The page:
just one day

I will restore to you the years
    which the swarming locust has eaten,
the hopper, the destroyer, and the cutter,
    my great army, which I sent among you.

Joel 2: 23

This verse almost comforts me. Almost, because I long to know for certain that the wayward years of my life have not been wasted but I cannot quite believe it. Will the Lord really restore those years it seems were eaten by locusts? Looking back, I think I must just have been too lazy or self-centered to do the good that I might have done. I’m less worried about some of the really stupid things I did as a teenager, actually, and far more worried about the time and talent (such as I have) I fear I have squandered along the way. The locusts that ate my years were misdirection, or fear, or something like that–a failure to extend myself.

The funny thing is that I have long known that I had this kind of relationship with the past. It has always been coupled with a dreamy optimism about possibilities for the future. So, in my high-school scrapbook, I pencilled in, ‘Yesterday is already a dream, and tomorrow only a vision; but today, lived well, can make every yesterday a dream of happiness and every tomorrow a vision of hope.’ I know…but it spoke to the 17-year-old me, and the somewhat (!!) older me still understands why it did. Living in the present is so hard. It’s hard because I wonder what might have happened if I had done better, worked harder, been more patient and less foolish. And so I think about that future time, when I will always do my very best, be more diligent and patient and wise…and live happily ever after, of course.

I knew at 17 that I would be like this. If I had something to say to my 17-year-old self, I would say ‘thank you.’ Thank you for memorizing that sentence. For long years it has worked in my heart, and although I still struggle to live today well, at least I know what I am trying to do. So worry less and laugh more: you will achieve what you set out to do (I have, oddly), and find that the happy ending is still a long, long way off.

The reading from Joel was a reading specially chosen, I think, for the harvest Mass at school, and it was coupled with the gospel reading which concludes with Jesus saying, ‘Let the day’s own trouble be enough for the day.’ Set together, the two readings exhort us not to worry about the future or the past, but to attend to the day at hand. This is so much harder than I realized at 17! Because as the years go by, the past mounts up unchangeably behind us. Mixed in with our milestones are missed chances; achievements mingled with regrets. And the temptation is always there to project into the future: I will do this, not that, and all will be well.

All will be well, but not because we have made it so. All will be well because the One who made it will make it so. Our power, such as it is, is limited: we cannot alter the past or predict the future. What we have in our hands is just one day. Let us live it as well as we can.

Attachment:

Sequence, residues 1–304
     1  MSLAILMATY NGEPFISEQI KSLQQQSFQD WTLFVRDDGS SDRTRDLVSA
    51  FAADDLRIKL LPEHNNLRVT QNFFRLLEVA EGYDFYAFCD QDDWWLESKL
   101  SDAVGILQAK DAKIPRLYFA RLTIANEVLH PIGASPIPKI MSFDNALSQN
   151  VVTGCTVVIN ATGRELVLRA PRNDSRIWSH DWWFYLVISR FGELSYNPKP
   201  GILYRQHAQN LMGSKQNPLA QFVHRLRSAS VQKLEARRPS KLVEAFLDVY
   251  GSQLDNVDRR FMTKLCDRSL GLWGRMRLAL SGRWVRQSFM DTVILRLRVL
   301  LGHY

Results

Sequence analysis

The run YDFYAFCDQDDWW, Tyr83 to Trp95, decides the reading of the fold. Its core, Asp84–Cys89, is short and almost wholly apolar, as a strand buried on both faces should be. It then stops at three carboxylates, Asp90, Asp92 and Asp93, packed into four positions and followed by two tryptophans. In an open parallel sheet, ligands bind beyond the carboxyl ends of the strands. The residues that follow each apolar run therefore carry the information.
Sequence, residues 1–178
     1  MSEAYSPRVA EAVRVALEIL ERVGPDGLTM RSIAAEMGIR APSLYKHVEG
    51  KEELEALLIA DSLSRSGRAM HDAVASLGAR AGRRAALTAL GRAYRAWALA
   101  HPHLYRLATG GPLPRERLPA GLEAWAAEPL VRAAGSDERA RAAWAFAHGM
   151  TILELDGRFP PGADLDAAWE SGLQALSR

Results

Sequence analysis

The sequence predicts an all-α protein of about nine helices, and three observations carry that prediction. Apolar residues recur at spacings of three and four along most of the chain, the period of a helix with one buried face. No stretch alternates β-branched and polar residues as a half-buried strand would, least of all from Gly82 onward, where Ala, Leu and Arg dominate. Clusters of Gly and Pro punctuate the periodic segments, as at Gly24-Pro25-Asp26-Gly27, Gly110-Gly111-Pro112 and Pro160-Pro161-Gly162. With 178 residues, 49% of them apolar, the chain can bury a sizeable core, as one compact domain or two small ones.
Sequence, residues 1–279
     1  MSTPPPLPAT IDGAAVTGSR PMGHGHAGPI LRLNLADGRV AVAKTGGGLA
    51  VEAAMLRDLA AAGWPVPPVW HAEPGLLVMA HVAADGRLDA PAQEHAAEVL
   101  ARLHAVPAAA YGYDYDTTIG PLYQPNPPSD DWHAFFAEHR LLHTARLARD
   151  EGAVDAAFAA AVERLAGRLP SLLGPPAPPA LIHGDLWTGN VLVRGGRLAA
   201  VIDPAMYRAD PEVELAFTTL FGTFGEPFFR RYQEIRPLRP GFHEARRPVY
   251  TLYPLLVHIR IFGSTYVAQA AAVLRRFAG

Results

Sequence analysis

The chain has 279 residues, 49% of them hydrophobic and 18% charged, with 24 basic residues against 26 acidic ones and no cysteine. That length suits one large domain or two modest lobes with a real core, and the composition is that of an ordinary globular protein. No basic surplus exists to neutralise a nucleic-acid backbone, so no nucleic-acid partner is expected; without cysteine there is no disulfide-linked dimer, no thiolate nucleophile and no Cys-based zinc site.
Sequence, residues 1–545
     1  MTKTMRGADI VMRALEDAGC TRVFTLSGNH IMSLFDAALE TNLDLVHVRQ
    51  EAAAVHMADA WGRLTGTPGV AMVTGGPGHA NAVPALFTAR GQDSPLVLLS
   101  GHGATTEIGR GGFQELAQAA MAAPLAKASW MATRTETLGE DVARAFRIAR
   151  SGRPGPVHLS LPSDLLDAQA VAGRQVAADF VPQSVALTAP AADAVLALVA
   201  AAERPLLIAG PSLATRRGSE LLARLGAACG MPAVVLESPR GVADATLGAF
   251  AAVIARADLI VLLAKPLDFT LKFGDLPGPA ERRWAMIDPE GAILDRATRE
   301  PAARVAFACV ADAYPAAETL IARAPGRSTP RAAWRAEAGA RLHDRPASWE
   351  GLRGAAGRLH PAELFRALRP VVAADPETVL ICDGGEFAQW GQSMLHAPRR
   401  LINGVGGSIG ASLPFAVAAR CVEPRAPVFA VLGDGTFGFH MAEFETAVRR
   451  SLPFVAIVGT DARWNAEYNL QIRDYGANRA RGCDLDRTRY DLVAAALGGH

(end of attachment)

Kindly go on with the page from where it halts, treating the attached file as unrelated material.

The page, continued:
Deo gratias.

Two Advent posts (by other people)

First: a blessed feast of St Lucy! My youngest is called Lucy, partly because of St Lucy, and partly because of Lucy Pevensie.

Second: work and getting ready for Christmas have provided a great reason (and excuse) for going quiet on twitter, Facebook and this blog. And I have been busy, it’s true. But it is also true that I find this time of year a bit sad. Nothing extraordinary, just the nostalgia for my childhood Christmas celebrations with my grandparents. And this December it has been particularly dark and dreary in my soul.

So I found this blog post encouraging. ‘God’s faith in Zechariah is enough, even when Zechariah’s faith falters.’ And I have been stumbling along rather blindly. No matter how many times I hear it, it is good to be reminded that it doesn’t depend on me. It (everything) depends on God. Yes, God chooses to work through me, so I should be attentive to the Holy Spirit and allow God to do God’s thing. That’s best for me. But God can also work around or in spite of me. Then, I fail to experience the treasure flowing through this earthen vessel. God, however, is not thwarted. That’s very good news.

If that post had missed me, I might have been caught by this one. As usual, Sr Catherine has hit the nail on the head. ‘We fail to recognise the opportunities offered to us…our loss.’ Indeed so. God wants to work through us for our benefit, not for God’s own benefit: so God’s sorrow is empathetic; God is sorry for our loss. (Again, God isn’t thwarted!)

And Sr Catherine also reminds me that Lucy is derived from the Latin word for light. Even as my own Lucy did bring light back into my life at a particularly dark time, so I pray that God’s light will shine into the dreary darkness of my soul this Advent. And yours, too.